Q: Do you think operators and stakeholders have had a delayed response to introducing more responsible gambling tools and practices? We can hear about big fines happening in regulated markets such as the UK even to this day, even though standards are constantly improving. Why do you think this is happening if we are moving forward as an industry? Why are there still failings?
I don’t believe that there’s a quick and simple answer to this question. It could be down to a number of factors. I certainly would not like to think that certain failings are intentional in nature but neither do I expect operators to be sloppy in their compliance either. One factor could be lack of training given to frontliners. I think this is a critical factor since these are what I like to term as the ‘gatekeepers’ of the business. I strongly believe that support staff should be adequately trained to deal with adverse situations and equipped with the necessary tools that will allow them to easily detect players who appear to be on a risky trajectory. Also, they should be up to date on the internal policies because what is the use in having robust policies and not implementing them? I am not even going to delve into the AML risks here but one gets the picture. As for the question if stakeholders had a delayed response to introducing more RG tools and practices, it may be due to the fact that perhaps regulators were hopeful that operators would be more open to self-regulation at the time. Notwithstanding, awareness has played a big part in setting the stage for a more ethical approach in recent years.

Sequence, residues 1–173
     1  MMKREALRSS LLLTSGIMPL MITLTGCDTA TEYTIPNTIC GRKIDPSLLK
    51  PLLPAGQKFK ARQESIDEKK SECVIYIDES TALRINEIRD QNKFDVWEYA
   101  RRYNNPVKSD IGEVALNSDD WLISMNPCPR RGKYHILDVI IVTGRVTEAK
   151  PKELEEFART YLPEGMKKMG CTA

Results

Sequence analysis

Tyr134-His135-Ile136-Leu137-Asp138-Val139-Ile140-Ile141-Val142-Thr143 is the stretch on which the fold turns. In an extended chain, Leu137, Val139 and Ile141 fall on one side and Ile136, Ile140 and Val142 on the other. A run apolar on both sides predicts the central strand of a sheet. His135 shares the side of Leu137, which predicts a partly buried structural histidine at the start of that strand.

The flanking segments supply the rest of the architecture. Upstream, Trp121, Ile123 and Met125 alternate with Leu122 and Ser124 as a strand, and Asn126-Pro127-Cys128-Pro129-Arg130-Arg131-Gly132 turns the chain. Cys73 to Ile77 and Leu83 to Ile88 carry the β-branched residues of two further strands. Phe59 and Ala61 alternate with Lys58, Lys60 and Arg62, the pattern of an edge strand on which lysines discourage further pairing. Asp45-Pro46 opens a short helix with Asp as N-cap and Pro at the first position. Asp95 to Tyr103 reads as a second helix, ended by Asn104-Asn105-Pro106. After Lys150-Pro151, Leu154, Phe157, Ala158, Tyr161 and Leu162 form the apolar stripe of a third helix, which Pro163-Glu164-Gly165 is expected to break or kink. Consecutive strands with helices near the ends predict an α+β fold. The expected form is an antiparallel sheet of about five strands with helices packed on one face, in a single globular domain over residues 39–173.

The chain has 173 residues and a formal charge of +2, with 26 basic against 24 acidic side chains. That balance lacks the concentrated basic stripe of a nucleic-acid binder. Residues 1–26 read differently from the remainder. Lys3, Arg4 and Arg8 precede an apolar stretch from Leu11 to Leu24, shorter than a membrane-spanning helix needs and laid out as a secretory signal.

Q: We are excited that you will be part of the Casino Guru Awards panel of judges. Can you tell us what you are looking for and expect from the companies that participate?
Those who know me well will tell you that I’m a hopeless idealist and perhaps this is the reason why I strongly believe that any ethically driven endeavor is bound to succeed. It may indeed take longer to reach financial goals but long-term success is more likely. I believe that an ethical culture within a company ensuring that principled standards permeate every area of its operation are an immense driver of success in any business context. So yes, I expect well-crafted policies, more frequent safety checks and more interaction and check-ins with players, non-aggressive advertising and an authentic interest in the player’s wellbeing to mention a few, to be at the heart of the operation.
Q: If you could change one thing about responsible gambling standards in most regulated markets, for example, what would it be?
In my humble opinion, there exists a vacuum of sorts, a substantial lack of consistency among the regulated markets and for no apparent reason or at least, for reasons known to the jurisdiction’s regulator however I believe that these can all agree on a set of core immutable principles as a standard. A case in point would be the implementation of the inter-jurisdictional Global Self-Exclusion tool. I am fully aware of the many challenges in getting such a scheme off the ground but if all stakeholders set aside personal agendas and present a common front in the interest of the common good, it will undoubtedly pave the way for a more socially responsible and sustainable sector.